Suicide hotlines are available throughout the United States and many other countries. They provide a lifeline for individuals who are contemplating suicide or having suicidal thoughts. The increase in military veterans from the wars in Iraq and Afghanistan has elevated concern for suicide prevention services among veterans. To address this potential health problem, the U.S. Department of Veterans Affairs (VA) has increased its efforts by developing a group of suicide prevention task force teams, suicide prevention programs, increased access to mental health services, and the National Suicide Hotline for veterans. These enhancements to existing programs allow potential suicide attempters to receive desperately needed care through multiple resources. The suicide hotline is available 24 hours a day, 7 days a week, and may be the only outlet accessible to veterans contemplating suicide at particular hours of the day and night. In addition, the VA has worked tirelessly to expand access to other social services through a referral system integrated within the suicide prevention program. These resources include substance abuse programs, marital counseling, and other mental health services.
One of the largest barriers to getting help for suicidal thoughts is the stigma associated with it. For veterans, reaching out for help is seen as a sign of weakness. To combat this challenge, the VA has launched an awareness campaign that describes its suicide prevention program as a source of strength. Until recently, the effectiveness of these new strategies has not been fully measured. In particular, men, who represent the majority of veterans who commit suicide, have been underrepresented in studies focusing on validity and deliverability of suicide programs. To address this gap, Kerry L. Knox of the Department of Veterans Affairs and the Center of Excellence for Suicide Prevention at the VA Medical Center in Canandaigua, New York, led a study that assessed how the VA’s suicide hotline has helped veterans.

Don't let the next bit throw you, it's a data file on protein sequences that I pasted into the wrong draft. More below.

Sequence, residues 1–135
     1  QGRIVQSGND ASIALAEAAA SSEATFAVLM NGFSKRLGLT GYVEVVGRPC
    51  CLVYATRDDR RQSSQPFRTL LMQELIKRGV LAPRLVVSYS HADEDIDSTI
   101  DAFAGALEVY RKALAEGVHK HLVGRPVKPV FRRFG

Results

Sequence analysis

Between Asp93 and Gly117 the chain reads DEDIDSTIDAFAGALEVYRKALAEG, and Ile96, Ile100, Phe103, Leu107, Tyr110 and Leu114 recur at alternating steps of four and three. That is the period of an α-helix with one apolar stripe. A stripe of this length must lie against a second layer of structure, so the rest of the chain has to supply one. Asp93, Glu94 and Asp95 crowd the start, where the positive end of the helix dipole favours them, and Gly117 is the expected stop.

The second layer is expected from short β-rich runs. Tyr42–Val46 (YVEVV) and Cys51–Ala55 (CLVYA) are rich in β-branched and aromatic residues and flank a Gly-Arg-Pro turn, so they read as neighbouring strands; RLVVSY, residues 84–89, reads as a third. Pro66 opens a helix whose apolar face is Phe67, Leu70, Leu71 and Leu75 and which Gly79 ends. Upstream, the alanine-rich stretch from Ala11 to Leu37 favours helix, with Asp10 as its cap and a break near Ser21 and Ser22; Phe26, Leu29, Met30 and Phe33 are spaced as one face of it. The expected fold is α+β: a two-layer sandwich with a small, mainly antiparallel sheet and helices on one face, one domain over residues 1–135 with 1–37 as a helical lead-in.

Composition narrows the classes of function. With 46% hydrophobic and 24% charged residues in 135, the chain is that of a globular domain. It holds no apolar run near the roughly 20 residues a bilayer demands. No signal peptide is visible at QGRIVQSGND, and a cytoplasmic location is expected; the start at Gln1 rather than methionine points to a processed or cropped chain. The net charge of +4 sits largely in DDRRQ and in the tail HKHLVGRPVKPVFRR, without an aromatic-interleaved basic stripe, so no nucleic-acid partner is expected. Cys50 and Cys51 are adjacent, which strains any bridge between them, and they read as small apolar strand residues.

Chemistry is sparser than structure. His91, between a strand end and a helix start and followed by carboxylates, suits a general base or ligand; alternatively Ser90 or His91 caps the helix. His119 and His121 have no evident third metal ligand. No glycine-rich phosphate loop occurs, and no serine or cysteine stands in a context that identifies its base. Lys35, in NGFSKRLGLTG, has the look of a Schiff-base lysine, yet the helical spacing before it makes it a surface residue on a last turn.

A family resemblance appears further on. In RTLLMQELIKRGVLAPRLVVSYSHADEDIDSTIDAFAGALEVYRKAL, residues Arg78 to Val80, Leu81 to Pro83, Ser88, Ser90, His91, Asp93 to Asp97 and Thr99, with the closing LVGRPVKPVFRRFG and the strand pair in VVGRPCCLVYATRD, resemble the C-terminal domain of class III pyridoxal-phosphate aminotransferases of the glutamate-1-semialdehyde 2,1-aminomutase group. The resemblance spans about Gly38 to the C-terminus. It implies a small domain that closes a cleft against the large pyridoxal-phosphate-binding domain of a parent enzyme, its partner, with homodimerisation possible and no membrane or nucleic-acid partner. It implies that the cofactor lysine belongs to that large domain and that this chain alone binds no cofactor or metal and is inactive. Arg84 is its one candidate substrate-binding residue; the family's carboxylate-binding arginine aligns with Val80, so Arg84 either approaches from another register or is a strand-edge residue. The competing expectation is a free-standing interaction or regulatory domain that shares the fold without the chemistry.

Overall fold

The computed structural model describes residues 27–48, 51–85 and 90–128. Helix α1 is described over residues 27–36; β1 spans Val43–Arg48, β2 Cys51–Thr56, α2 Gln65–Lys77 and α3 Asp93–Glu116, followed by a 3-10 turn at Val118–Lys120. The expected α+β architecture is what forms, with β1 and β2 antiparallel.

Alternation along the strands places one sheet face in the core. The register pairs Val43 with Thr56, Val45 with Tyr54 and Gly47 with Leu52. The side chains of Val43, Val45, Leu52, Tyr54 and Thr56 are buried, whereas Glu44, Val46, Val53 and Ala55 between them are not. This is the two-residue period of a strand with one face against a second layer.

Knox discovered that the hotline resulted in a dramatic increase in callers admitting that they were indeed veterans. The callers were primarily middle-aged men. The hotline resulted in over 4,000 network referrals for follow-up services to address issues related to suicide such as depression and posttraumatic stress. “Moreover, the VA’s hotline consists of trained clinicians, whereas most community hotline responders have little if any training in crisis intervention,” added Knox. This factor alone may explain the increase in male responsiveness and is an important factor to consider when implementing additional suicide prevention programs aimed at veterans in distress.
Knox, K. L., Kemp, J., McKeon, R., Katz, I. R. (2012). Implementation and early utilization of a suicide hotline for veterans. American Journal of Public Health102S, S29-32.
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